Since then BTeam has co-produced and distributed Isaki Lacuesta’s San Sebastian Golden Shell winner Between Two Waters, and co-produced Belen Funes’ first feature A Thief’s Daughter, a drama starring Eduard Fernandez, with Oberon Cinematografica. Lafuente is also behind The Girls (Las Ninas), the first feature by Pilar Palomero, which will be co-produced with Valerie Delpierre’s Inicia Films. With Get In The Picture Productions, Lafuente is developing Ortiz’s new film Bluebeard, which he describes as a “psychological thriller in a fantastical context” as a co-production with Morena Films.
Sergi Moreno - Lastor Media
Arthouse cinema fan Sergi Moreno first worked on Lluis Galter’s Venice premiere Caracremada in 2010. He joined Lastor Media seven years ago and has been behind titles including Carlos Marques-Marcet’s 10.000 Km, which won the special jury award at SXSW and the Goya for best new director in 2014, as well as two other films by Marques Marcet: Anchor And Hope (2017) and The Days To Come (2019). With an eye for new talent, Moreno is developing several first features including Mikel Gurrea’s Cork, starring Laia Costa, and co-producing Clara Roquet’s Libertad, which is scheduled to shoot this summer.
Sandra Tapia - Arcadia Motion Pictures
Sandra Tapia is equally happy nurturing new talent as she is producing high-concept genre films such as Mateo Gil’s Project Lazarus.
Through Barcelona-based Arcadia Motion Pictures, Tapia is working on Gil’s next project as well as the new as-yet-untitled feature from Pablo Berger. She is also finishing post-production on Rodrigo Sorogoyen’s much-anticipated feature adaptation of his Oscar-nominated short Mother. It is a drama about a mother, played by Marta Nieto, whose six-year-old son disappears while on a beach in France.
Tapia is also producing smaller, riskier films including Celia Rico’s feature debut Journey To A Mother’s Bedroom, a story about the everyday life of a mother and a daughter. The film won a special mention at San Sebastian Film Festival last September and picked up four Goya nominations.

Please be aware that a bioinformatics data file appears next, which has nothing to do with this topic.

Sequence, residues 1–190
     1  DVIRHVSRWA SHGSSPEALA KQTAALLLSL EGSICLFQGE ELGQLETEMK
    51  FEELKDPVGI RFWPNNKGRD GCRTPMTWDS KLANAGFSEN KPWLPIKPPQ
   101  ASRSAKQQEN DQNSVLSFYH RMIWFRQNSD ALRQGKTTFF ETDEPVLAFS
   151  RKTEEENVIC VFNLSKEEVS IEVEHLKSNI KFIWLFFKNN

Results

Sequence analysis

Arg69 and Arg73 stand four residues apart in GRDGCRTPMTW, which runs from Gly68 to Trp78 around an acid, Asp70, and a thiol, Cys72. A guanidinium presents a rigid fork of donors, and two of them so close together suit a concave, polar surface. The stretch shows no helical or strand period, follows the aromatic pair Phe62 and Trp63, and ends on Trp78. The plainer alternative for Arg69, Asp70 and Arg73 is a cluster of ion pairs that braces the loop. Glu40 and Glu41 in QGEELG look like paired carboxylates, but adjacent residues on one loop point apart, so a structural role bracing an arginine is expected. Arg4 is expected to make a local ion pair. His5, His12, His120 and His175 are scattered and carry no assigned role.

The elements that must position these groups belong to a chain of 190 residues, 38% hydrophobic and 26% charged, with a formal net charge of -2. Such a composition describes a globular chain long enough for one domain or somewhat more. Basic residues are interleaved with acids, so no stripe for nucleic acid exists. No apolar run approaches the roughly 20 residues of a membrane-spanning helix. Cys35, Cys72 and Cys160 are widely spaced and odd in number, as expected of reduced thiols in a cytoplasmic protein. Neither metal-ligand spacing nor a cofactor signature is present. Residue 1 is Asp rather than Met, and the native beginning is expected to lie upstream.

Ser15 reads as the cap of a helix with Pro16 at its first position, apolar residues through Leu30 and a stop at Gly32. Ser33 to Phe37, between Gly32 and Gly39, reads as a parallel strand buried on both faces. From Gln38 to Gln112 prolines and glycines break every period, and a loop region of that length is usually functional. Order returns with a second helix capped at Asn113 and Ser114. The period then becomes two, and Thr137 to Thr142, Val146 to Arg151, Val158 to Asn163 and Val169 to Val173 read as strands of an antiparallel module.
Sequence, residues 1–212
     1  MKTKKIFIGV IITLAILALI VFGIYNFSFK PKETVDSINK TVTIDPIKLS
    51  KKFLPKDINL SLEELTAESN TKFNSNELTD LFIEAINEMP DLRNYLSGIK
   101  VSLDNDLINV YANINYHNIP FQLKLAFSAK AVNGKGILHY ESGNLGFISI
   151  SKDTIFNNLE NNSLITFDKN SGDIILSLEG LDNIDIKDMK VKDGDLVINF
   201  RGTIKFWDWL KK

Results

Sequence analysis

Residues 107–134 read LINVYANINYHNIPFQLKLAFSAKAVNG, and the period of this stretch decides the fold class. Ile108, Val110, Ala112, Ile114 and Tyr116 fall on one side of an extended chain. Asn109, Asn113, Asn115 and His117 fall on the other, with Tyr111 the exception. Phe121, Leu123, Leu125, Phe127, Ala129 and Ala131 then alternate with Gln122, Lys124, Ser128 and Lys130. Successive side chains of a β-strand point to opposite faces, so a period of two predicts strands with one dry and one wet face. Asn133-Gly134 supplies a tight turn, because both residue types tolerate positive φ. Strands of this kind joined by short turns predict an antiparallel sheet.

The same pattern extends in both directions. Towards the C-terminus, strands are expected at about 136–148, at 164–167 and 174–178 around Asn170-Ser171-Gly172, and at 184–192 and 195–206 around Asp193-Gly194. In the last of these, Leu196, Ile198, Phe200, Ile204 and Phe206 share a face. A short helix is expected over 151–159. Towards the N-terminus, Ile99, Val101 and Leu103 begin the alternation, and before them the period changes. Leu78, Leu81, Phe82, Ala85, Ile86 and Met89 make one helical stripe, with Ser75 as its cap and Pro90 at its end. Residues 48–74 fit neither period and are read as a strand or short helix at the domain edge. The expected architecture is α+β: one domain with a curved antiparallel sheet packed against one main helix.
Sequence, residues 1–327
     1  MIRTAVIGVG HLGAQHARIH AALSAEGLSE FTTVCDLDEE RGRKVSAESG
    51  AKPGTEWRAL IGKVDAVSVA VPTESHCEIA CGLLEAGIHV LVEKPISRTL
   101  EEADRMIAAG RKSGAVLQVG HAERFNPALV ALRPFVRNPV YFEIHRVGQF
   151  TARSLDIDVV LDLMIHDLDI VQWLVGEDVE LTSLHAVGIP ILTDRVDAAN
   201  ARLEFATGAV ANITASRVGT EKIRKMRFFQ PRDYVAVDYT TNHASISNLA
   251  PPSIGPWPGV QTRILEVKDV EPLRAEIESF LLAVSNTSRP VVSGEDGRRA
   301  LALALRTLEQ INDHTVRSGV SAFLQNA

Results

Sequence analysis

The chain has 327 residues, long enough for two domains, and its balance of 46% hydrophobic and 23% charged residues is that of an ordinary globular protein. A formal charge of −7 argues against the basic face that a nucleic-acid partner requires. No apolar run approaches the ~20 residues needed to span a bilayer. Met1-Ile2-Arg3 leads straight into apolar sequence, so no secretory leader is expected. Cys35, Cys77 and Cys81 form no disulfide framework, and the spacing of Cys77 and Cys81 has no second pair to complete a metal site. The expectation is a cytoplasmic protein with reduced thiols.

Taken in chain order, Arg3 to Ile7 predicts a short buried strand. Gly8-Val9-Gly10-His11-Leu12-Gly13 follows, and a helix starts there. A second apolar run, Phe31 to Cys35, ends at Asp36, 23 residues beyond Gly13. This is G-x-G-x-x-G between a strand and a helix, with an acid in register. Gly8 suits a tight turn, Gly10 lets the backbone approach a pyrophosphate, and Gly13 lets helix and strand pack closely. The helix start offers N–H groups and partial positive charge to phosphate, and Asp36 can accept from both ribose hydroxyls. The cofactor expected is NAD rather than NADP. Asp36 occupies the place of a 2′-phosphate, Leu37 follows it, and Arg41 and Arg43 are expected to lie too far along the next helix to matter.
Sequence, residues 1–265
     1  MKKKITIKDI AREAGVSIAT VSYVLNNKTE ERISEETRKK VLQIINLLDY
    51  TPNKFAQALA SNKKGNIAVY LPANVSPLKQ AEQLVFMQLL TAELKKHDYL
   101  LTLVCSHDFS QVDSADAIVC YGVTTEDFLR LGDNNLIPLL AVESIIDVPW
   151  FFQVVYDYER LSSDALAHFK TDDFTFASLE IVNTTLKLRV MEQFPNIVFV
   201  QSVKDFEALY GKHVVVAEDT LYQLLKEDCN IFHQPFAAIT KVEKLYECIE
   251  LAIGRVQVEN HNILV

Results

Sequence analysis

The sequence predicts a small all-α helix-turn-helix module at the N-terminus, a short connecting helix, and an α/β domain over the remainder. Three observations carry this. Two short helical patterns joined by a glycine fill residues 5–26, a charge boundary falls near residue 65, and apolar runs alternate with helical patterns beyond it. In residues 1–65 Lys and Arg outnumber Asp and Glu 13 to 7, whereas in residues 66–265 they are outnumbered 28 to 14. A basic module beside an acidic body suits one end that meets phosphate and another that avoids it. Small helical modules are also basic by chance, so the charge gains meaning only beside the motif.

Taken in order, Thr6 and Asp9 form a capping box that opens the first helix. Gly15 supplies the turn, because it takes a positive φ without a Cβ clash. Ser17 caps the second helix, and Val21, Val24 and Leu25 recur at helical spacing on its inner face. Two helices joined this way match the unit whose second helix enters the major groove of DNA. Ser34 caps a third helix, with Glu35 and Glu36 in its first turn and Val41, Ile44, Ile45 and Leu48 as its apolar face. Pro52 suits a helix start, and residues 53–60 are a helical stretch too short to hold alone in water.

Tapia is working on the Spain-Argentina co-production La Maldicion Del Guapo by Beda Docampo Feijoo, which is scheduled to shoot this summer. She is also eyeing an inevitable move into TV production.
Five directors on the rise
Director and screenwriter Belen Funes has just finished her first feature, A Thief’s Daughter, produced by Oberon Cinematografica and BTeam Productions. The plot and main character are inspired by Funes’ 2015 short Sara’s Runaway, which was produced by Isabel Coixet and won two awards at Malaga Film Festival; it was also nominated for a Goya. A Thief’s Daughter was chosen for the TIFF Talent Lab in 2017. It tells the story of a father who walks back into his daughter’s life after years of absence, and stars Eduard Fernandez and his real-life daughter, Greta Fernandez.
Victor Moreno’s experimental feature documentary The Hidden City has played widely at international film festivals since premiering at Seville’s Festival of European Cinema. The Spanish and French co-production between El Viaje Films and Pomme Hurlante Films explores the underworld of a big city in a journey through tunnels, sewers, service supplies and transportation networks and blurs the boundaries of documentary and fiction. Moreno plans to keep on exploring “the alien quality of the landscape” in his next film called Outside (El Exterior) for which he says he will trade “the dark of Madrid’s underground for the white, desolate plains of the north of Europe, ideally somewhere close to the North Pole”.
Antonio Mendez Esparza
Antonio Mendez Esparza’s first film Here And There (Aqui Y Alla) premiered in Critics’ Week at Cannes in 2012 where it won the grand prix. His second feature Life And Nothing More screened at Toronto in 2017 and was selected for international festivals including San Sebastian, Tokyo and Rotterdam. It also received two Spirit award nominations, and won the John Cassavetes Independent Spirit Award. Situated in the US, where he lectures at Florida State University, Esparza is now working on his third feature, which is based on Que Nadie Duerma, the novel by Spanish author Juan Jose Millas. Still at script stage and produced by Aqui Y Alli Films, it is set to shoot in Spanish in Madrid and will star Malena Alterio.